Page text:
Indonesia threatens retaliation over EU palm oil ‘intimidation’

Updated 24 March 2019
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Indonesia threatens retaliation over EU palm oil ‘intimidation’

  • Earlier this week, Coordinating Minister for Maritime Affairs, Luhut Binsar Pandjaitan, warned that if the EU implements a ban on palm oil imports, Indonesia would retaliate strongly with possible bans on European products
  • Indonesia and Malaysia together produce about 85 percent of the world’s palm oil

JAKARTA: Biofuel producers in Indonesia called on the Indonesian government and European Union to find a “win-win solution” to a dispute over an EU legislation that will phase out palm oil-based biofuel manufacturing in the bloc, risking jobs and billions of dollars in Indonesia's revenue.
Earlier this week, Coordinating Minister for Maritime Affairs, Luhut Binsar Pandjaitan, warned that if the EU implements a ban on palm oil imports, Indonesia would retaliate strongly with possible bans on European products, including passengers jets, train coaches, and motor vehicles.
“We want a win-win solution. Retaliation is not a favorable option but, eventually, what else can we do? It could become necessary if we keep being intimidated,” said Master Parulian Tumanggor, chairman of the Indonesia’s Biodiesel Producers Association.
“If they stop biofuel, millions (of workers and farmers) will become unemployed. We don’t want that,” he added.
Pandjaitan said that with Indonesia’s aviation industry expected to expand threefold by 2034, the country will require about 2,500 aircraft in the next two decades — a big market for European companies.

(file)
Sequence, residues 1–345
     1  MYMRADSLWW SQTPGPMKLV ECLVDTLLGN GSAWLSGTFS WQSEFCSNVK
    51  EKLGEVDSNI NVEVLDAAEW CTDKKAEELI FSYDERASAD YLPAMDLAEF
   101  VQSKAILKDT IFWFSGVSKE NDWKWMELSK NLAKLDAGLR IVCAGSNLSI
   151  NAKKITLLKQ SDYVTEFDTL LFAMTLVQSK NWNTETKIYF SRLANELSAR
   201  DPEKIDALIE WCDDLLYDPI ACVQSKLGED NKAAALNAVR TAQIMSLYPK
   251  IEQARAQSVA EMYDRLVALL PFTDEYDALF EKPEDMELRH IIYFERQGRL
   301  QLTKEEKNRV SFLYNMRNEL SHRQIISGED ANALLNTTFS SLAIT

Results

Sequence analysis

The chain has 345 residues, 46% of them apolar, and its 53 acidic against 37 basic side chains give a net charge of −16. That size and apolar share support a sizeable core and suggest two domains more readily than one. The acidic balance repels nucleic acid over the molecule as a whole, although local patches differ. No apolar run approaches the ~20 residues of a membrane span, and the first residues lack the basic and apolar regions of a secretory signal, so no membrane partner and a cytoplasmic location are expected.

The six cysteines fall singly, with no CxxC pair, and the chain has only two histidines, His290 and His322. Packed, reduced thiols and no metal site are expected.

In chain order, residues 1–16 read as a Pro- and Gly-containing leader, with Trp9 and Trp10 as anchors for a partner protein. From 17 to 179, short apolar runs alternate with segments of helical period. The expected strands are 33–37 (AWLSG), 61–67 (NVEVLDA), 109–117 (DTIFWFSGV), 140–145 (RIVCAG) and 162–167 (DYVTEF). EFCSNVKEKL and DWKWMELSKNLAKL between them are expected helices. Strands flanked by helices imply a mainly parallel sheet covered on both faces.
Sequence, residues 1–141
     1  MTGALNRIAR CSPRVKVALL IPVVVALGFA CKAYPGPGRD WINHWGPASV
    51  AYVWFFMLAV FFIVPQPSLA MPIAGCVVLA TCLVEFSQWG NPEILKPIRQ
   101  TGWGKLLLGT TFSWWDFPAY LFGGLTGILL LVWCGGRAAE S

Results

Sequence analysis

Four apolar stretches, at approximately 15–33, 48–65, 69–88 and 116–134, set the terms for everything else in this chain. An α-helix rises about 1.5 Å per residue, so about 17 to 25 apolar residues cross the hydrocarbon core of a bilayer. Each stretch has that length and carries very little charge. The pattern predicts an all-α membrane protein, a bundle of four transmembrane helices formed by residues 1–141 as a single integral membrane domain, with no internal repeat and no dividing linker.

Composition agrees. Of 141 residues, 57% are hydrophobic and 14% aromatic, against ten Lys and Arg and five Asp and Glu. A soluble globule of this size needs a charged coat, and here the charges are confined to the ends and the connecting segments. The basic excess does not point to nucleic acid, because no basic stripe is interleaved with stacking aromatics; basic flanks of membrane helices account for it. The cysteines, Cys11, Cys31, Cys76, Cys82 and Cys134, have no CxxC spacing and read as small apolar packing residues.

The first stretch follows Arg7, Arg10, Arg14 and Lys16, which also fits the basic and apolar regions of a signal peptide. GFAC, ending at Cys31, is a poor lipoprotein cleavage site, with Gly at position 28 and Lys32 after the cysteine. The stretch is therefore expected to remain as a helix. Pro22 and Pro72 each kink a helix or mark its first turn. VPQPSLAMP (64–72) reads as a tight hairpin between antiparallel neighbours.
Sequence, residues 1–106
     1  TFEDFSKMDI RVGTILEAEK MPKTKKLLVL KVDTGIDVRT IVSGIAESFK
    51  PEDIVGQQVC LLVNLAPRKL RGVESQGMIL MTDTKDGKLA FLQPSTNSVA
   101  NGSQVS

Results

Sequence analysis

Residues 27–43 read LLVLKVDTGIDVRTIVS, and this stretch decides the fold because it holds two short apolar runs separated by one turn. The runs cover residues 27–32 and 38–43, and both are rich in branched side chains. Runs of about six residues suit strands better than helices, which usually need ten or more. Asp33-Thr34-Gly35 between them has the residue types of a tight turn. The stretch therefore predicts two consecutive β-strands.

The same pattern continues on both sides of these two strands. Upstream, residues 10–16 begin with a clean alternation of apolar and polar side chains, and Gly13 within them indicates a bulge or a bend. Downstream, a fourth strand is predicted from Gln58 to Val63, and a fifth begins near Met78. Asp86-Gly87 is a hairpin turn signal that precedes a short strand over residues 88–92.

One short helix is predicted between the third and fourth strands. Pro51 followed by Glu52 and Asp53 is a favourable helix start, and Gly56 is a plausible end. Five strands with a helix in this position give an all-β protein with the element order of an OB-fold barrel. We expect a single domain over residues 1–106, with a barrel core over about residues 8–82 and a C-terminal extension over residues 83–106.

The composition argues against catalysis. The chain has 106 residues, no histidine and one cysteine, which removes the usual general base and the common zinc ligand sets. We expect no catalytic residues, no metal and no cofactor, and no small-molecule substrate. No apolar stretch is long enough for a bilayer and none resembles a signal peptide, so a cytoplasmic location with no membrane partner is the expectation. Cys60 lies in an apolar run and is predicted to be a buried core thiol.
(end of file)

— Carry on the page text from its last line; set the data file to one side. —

Aircraft demand from Indonesia is worth more than $40 billion and it will create millions of jobs.
“It’s a matter of survival. If they treat us like this, we will retaliate strongly. We are not a poor country, we are a developing country and we have a big potential,” Pandjaitan said in a briefing with the EU ambassador to Indonesia, Vincent Guerend, and European investors.
Darmin Nasution, chief economic minister, said Indonesia is considering a challenge to the EU legislation via the World Trade Organization, and will seek support from the Council of Palm Oil Producing Countries and the Association of Southeast Asian Nations.
Indonesia and Malaysia together produce about 85 percent of the world’s palm oil.
Foreign Minister Retno Marsudi spoke with her Malaysian counterpart, Saifuddin Abdullah, on the sidelines of Organization of Islamic Cooperation emergency meeting in Istanbul on Friday.
“We agreed to work together to fight against discrimination of palm oil in the EU,” she said via Twitter.
Nasution said palm oil contributed $17.89 billion to Indonesia’s economy in 2018 and almost 20 million workers depended on the plantations for their livelihood.
On March 13 the European Commission adopted new rules on biofuels based on sustainability criteria with a two-month scrutiny period. The EU said “best available scientific data” show palm oil plantations are a major cause of deforestation and climate change.